Contrary to what most insurance companies will make you believe, you are qualified to make a claim for all your legal damages. Medical bills are only one type of legal damages you are entitled to.

In a car crash case, the medical expenses that can be recovered are the following:

  • Emergency room care
  • Anesthesiology
  • Ambulance fees
  • Surgical care
  • Post-operative care
  • Testing and diagnostic care (includes X-rays and MRI or magnetic resonance imaging)
  • Occupational therapy 
  • Physical therapy
  • Any other medical expenses caused by the accident

What if Your Family Member Was Killed in a Car Accident?

To discuss this topic further, we’ll use the state of Missouri as an example.

If a loved one unfortunately dies from a car crash, the state of Missouri permits the remaining family members to file a wrongful death lawsuit to recover some damages potentially. The following damages can be recovered:

  • Funeral and burial expenses
  • Medical bills of the deceased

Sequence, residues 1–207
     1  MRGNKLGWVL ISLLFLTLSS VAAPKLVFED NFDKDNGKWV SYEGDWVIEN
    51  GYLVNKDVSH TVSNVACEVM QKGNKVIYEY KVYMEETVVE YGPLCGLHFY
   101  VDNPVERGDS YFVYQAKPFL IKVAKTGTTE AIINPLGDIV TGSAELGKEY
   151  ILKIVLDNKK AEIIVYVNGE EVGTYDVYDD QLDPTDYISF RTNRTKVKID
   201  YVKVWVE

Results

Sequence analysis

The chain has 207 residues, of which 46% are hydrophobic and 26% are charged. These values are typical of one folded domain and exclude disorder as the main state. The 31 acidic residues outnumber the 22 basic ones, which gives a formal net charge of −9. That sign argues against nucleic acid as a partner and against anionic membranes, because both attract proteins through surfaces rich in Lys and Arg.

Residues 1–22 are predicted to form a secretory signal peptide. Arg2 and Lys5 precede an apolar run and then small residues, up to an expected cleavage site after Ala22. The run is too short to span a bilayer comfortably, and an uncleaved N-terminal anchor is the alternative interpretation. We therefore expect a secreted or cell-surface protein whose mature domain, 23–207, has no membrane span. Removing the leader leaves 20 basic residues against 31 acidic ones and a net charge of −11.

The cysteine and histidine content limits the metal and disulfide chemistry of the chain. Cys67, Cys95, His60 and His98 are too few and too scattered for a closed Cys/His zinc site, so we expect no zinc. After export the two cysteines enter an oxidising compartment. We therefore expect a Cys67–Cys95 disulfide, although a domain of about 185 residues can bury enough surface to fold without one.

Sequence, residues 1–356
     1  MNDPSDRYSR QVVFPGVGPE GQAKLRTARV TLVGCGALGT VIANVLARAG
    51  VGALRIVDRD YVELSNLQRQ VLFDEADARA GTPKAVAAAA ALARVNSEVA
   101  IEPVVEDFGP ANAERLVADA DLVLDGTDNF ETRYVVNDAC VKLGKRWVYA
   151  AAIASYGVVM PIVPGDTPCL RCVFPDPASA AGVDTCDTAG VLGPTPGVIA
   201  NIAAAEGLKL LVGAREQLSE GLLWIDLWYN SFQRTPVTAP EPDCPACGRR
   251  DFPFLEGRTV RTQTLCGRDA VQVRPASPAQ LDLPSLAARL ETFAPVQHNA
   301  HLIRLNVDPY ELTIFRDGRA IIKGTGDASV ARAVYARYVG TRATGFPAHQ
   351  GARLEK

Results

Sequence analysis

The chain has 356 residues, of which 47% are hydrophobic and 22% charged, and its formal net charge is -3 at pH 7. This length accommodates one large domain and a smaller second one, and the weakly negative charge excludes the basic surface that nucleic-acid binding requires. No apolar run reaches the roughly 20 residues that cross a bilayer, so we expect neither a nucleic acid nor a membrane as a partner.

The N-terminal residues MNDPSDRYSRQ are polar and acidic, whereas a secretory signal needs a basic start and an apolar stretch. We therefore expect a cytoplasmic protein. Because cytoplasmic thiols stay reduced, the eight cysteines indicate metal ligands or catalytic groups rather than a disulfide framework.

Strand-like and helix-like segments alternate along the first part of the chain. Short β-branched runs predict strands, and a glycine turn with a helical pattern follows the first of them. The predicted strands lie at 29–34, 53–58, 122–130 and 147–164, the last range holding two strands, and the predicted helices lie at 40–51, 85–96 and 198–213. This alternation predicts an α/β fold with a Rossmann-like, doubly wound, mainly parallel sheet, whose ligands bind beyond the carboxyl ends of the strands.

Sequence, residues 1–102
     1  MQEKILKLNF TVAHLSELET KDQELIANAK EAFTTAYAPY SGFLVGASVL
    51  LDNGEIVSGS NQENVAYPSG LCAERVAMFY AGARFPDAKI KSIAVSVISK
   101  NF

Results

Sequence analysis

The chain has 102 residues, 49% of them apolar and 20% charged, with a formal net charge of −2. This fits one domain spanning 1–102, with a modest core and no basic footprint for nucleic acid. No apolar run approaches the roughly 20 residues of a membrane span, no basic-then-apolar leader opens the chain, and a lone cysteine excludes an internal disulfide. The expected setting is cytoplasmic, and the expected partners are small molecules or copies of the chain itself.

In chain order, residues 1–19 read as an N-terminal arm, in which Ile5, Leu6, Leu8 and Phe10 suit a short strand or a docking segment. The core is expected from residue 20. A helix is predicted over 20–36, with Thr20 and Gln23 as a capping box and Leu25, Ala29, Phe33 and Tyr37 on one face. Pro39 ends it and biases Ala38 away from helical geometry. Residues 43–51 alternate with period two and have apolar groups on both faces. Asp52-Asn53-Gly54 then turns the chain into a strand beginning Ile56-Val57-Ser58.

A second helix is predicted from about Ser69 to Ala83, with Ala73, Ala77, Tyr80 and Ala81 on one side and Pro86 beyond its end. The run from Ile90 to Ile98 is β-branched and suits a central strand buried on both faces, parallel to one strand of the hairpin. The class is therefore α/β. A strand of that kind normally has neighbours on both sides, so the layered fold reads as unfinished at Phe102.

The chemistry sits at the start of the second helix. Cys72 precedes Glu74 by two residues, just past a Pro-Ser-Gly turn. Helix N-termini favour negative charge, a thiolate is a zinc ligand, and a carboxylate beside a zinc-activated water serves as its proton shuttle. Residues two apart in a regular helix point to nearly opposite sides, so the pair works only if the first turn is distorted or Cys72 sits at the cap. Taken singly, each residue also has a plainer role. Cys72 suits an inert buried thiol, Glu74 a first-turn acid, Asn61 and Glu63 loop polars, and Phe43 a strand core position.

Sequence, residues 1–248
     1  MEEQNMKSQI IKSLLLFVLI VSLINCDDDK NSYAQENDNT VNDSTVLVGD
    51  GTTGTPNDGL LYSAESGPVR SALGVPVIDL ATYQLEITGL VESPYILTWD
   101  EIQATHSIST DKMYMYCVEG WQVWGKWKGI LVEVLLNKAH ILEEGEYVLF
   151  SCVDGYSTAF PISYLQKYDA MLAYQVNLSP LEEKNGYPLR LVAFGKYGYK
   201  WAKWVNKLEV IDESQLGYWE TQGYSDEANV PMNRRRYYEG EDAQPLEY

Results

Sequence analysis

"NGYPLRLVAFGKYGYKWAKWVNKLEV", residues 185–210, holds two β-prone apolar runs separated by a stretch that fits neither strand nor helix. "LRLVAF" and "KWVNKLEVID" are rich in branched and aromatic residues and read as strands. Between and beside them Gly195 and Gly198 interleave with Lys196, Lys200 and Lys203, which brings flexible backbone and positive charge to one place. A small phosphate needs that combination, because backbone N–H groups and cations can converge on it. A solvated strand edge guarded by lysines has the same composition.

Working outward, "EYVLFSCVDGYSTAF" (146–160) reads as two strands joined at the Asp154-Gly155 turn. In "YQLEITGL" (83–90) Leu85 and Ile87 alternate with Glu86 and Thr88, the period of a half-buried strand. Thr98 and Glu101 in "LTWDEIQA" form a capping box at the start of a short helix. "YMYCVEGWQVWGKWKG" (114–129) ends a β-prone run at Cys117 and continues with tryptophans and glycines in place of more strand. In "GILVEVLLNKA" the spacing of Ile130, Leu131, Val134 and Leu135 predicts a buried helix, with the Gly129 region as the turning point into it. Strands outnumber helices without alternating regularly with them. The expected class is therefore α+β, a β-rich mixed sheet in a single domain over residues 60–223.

• Pecuniary damages
  • Pain and suffering of the deceased

Note that Missouri Statute 537.090 restricts families from recovering damages for grief caused by the death.


Wages are determined based on the earnings of a deceased person in a motor vehicle accident. 

If the deceased was caring for disabled persons or minors at least half the time when they died and if they were not employed on a full-time scale, the state gives a presumption that the provided care’s value is 110% of the state’s average weekly wage.

For minors, the annual pecuniary losses are determined based on the total yearly income of the mother and father or the earning parent if only one has a source of income.

What Are Medical Liens Associated with Car Crashes?

While medical bills can quickly pile up after a car accident, the victims can seek relief in the form of a medical lien. In essence, medical liens are agreements between personal injury victims and healthcare providers.

For car crash scenarios, a medical lien allows healthcare providers to recover the cost of treatment using the judgment or settlement rewarded to the victim.

In simpler words, the car crash victim won’t have to pay the medical bills upfront, and the healthcare provider won’t have to wait for the payment until settling the case.

Once a medical lien is filed, it becomes a legal claim on the awarded judgment or settlement.

Remember that medical liens are always subject to negotiation. It’s best to seek advice from personal injury lawyers as they can also help negotiate lower lien amounts on their client’s behalf.